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  • New Section Investigates Magnets, Motors and Generators
  • A Hands-on Approach
  • Concepts Develop Intuitively
  • A Complete Curriculum (pdf download) Includes Many New Refinements to Teacher and Student Manuals




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Two versions of this kit are offered:

  • The CASTLE Kit—for two students
  • The Economy CASTLE Kit—for eight students.

 Material Safety Data Sheet

Liquid filled compass
(English – 40 KB –pdf)

 Additional User Resources

Check the User Resources Tab for:

  • MSDS
  • Replacement Parts
  • Manuals
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The CASTLE™ Approach

CASTLE (Capacitor-Aided System for Teaching and Learning Electricity) is a high school electricity curriculum that leads students from initial naive ideas to an increasingly expert understanding of electrical phenomena. A sequence of self-guided experiments uses large capacitors and transient bulb lighting to help students confront their misconceptions, grasp the physics of current propulsion and build intuitive explanatory models.

The core experiments stimulate students to model mobile charge as a compressible fluid and electric potential as "pressure" in the fluid. They learn that a pressure difference is what makes charge move through a resistor. The advanced experiments reveal two kinds of charge and distant action, which suggests modeling fields as pressure raising/lowering "halos" around ± charges. Connections between the electron, the atom and mobile charge in circuits are also explored.

CASTLE instruction gives priority to development of qualitative reasoning skills. No prior knowledge of electricity is required, making the curriculum accessible to students in all levels of high school physics.

The CASTLE approach originated in the research of Professor Melvin S. Steinberg of Smith College. The complete curriculum was developed by a team of college and high school physics teachers under a National Science Foundation grant. Extensive testing has shown superior conceptual and confidence gains. In 1994, CASTLE was certified a proven effective program by the U.S. Department of Education's Program Effectiveness Panel.

In addition, the AAPT PTRA group has adopted CASTLE as has the C3P group and the Modeling Group demonstrating that CASTLE is being chosen by the leaders of physics education as the preferred method for teaching electricity.

The Standard CASTLE Kit contains all the materials needed (except for three D batteries) for two students to work through a complete introduction to basic electricity.  The Economy CASTLE Kit contains all the materials needed (except batteries) for eight students. 

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  • 25,000 µF Capacitor -- Provides the foundation for this intuitive introduction to current electricity.
  • Wires with Alligator Clips -- Ten color-differentiated wires make circuit connections quick and easy -- no soldering or wire twisting.
  • Battery Holder -- Securely holds batteries and yet makes them very visible so that their function within the circuit is evident.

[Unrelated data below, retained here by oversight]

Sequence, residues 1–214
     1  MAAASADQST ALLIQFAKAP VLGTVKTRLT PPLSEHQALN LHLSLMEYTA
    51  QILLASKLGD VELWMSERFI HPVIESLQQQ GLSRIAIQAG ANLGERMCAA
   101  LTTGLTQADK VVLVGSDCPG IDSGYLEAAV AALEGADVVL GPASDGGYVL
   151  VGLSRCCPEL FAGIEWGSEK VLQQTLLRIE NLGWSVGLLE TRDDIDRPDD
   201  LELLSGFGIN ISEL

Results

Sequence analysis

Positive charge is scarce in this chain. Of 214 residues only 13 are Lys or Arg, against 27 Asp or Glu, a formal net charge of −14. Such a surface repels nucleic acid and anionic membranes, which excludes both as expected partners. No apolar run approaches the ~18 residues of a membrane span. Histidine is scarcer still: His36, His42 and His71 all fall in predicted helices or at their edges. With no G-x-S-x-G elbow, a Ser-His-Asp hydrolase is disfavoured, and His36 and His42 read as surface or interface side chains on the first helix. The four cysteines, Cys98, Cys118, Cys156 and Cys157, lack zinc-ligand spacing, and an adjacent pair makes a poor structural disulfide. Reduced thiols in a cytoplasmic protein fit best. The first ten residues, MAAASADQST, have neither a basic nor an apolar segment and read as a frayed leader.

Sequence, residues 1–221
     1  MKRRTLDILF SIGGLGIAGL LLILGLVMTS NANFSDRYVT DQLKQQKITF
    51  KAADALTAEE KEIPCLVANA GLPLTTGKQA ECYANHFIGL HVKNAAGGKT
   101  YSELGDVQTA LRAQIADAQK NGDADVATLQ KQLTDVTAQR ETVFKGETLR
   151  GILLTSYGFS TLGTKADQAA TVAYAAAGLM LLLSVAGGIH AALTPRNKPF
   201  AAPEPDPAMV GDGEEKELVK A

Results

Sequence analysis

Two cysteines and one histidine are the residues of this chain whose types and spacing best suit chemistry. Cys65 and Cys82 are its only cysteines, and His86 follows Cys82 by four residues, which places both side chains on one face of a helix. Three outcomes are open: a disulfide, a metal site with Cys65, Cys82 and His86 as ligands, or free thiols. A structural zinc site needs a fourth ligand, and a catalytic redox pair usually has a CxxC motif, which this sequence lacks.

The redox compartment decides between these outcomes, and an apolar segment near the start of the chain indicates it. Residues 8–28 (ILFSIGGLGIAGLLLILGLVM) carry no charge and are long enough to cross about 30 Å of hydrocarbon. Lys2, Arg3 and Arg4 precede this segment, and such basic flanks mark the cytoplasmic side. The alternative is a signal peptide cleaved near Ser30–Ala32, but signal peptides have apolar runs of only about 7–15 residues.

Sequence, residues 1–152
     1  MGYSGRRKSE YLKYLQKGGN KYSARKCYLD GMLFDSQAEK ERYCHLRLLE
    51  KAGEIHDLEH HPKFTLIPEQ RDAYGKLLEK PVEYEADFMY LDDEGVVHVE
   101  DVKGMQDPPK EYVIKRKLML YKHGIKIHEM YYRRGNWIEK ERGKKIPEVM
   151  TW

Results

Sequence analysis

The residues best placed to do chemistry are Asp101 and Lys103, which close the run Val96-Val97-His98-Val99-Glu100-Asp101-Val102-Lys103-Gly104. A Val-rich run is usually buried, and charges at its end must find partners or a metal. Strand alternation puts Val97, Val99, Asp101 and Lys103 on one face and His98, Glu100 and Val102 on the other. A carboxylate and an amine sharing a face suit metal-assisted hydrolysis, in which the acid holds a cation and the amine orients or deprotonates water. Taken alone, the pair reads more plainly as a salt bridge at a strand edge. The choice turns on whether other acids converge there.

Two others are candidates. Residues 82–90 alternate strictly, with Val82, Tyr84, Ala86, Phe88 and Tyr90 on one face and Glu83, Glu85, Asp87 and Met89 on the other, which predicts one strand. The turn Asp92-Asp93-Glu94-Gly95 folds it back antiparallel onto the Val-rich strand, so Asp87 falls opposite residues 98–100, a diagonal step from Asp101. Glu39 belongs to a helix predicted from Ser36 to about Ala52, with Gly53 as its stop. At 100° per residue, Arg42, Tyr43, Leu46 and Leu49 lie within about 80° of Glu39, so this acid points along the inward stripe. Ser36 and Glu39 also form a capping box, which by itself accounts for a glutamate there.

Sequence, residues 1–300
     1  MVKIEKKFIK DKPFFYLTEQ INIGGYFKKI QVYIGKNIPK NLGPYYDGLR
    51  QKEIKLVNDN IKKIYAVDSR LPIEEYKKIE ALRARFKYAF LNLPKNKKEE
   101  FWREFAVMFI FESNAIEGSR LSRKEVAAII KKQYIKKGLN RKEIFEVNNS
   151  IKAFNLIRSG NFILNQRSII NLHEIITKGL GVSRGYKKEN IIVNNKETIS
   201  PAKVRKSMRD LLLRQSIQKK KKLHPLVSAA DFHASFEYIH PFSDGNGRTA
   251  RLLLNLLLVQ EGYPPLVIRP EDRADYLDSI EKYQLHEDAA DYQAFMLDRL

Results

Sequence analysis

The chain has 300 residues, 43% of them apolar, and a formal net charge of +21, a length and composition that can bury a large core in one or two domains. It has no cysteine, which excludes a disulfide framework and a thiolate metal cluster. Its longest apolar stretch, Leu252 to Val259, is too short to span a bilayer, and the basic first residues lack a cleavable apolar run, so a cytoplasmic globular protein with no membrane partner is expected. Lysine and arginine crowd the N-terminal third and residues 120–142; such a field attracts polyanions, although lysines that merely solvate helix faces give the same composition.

• Miniature Light Bulbs -- Differently shaped bulbs have different resistance values.
  • Curriculum Guide Download (pdf) -- Contains a teacher's manual (pdf) with comprehensive background information and a student manual (pdf) for printing and distributing in class. Sections may be printed individually as needed.


The Standard CASTLE Kit includes all the materials needed (except for three D-cell batteries) for two students to work through a complete introduction to basic electricity.

Also includes a Material Safety Data Sheet (MSDS).

  • 25,000 µF capacitor (20 volts, nonpolar)
  • #14 light bulbs (4)
  • #48 light bulbs (6)
  • 10 Ohm Resistors (4)
  • Miniature light bulb sockets and stands (4)
  • Wires with alligator clips (10)
  • Battery holder (spring-loaded)
  • High quality compass
  • Storage box

Step 1: A capacitor is charged by a battery. By observing the bulbs and nearby compass, students can monitor the current as it flows and then slowly subsides. Note that the bulbs glow dimly with two bulbs in series.

Step 2: The battery is removed and current flows in the opposite direction (note the compass deflection) as the capacitor recharges. Students learn that charge acts like a fluid in the capacitor plates that can be compressed and depleted.

Step 3: A single bulb is lit by the same charged capacitor. The lamp glows brighter but for a shorter time. Students learn the importance of rate of flow in understanding current.

Typical Experiments

Core Curriculum

  • What is happening in the wires?
  • Where does the moving charge originate?
  • What do the light bulbs do?
  • What makes the charge move?
  • How is the "pressure" in a wire determined?
  • How are values of circuit variables measured?



Advanced Curriculum

  • How do motors and generators work?
  • Do insulators contain charge? What are electrons?
  • What causes "pressure" in distant conductors?
  • How do transistors work? What is AC?


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